In the fifth part of this new series, we look at a range of unrealised ideas for the Altmünster plateau- from a mausoleum to a zoo.

The first major project on the Altmünster plateau dates back 150 years. At the time, the residents of the surrounding neighbourhoods demanded the construction of a railway station.

From the moment that the Nordstrooss ("Northern Road") project existed, people repeatedly called and proposed plans for the construction of this railway station between 1858 and 1904. The aim was to connect Clausen to the Ville Haute ("Upper City") and the central station in Hollerich.


Clausen railway station.

The station was planned to be built where the bridge over the Montée de Clausen stands today.

A Benedictine monastery stood on the Altmünster plateau until the 16th century. The fact that the legendary John the Blind was buried at Altmünster Abbey inspired state architect Charel Arendt in 1870 to start working on the plans for a mausoleum for John the Blind on this site. In the end, this idea never progressed beyond the planning stage.

Other ideas for the site included a zoological garden and a facility with tennis courts, a pavilion, and a tower.


The planned tennis court. / © National Archives

After unsuccessful proposals for a national museum at the railway station near the Rose Garden and at Piquet in Ville Haute, some pushed for the project to be realised on the Altmünster plateau instead. The most ambitious of these plans was put forward in 1919. The new national museum, which would have exhibited the famous Pescatore collection that the municipality of Luxembourg City inherited in the 19th century, would have dominated the entire neighbourhood.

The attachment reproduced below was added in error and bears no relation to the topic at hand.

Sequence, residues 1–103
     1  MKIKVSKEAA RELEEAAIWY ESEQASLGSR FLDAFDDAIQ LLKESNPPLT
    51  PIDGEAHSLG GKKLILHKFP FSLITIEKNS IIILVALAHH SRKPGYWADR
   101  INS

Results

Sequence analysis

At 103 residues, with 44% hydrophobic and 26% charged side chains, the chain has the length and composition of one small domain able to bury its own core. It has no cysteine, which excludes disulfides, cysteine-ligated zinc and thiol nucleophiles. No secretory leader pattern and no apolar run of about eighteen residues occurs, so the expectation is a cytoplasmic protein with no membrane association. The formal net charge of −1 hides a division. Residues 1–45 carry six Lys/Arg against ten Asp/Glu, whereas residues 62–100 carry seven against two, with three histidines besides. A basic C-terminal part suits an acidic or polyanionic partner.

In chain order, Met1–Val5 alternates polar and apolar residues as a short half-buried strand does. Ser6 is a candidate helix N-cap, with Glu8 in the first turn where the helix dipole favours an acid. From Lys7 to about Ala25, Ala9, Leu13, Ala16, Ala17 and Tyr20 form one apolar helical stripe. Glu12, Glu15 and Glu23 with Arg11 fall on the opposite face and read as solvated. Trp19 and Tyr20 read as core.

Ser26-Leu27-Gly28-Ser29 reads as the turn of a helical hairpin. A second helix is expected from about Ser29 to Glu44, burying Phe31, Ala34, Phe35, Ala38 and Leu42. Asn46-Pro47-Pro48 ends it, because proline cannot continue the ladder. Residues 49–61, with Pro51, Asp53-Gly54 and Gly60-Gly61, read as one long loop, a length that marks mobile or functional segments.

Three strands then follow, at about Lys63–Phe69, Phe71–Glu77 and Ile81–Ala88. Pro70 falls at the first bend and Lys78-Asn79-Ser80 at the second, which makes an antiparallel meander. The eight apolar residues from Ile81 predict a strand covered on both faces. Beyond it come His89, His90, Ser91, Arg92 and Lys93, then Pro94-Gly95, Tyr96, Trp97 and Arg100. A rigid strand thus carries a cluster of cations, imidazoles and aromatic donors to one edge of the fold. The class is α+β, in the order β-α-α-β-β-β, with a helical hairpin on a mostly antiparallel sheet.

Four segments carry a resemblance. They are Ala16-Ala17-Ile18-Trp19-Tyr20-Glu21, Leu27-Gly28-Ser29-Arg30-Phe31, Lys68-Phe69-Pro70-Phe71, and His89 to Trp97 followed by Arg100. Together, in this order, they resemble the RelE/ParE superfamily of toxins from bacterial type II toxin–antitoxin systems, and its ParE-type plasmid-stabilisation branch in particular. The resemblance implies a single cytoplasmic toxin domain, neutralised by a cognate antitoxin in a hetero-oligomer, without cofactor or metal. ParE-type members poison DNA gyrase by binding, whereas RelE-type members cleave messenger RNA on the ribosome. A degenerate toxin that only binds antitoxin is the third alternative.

The National Museum at Plateau Altmuenster / © Projet A. van Werweke / National Archives

This museum would have connected the whole quarter to the rest of Ville Haute. However, due to the economic crisis in the 1920s, the project had to be abandoned.

The national museum was eventually built at the Fishmarket (Marché-aux-poissons).

Meanwhile, a car park with 46 parking spaces has been built on top of the monastery ruins on the plateau.

You can find the other articles of the series here

Planned, yet never built(1): A National Museum at Rousegäertchen?
Planned, yet never built (2): A cathedral at Glacis?
Planned, yet never built (3): Arcades and a market hall at Knuedler?
Planned, yet never built (4): A museum and library at Piquet?

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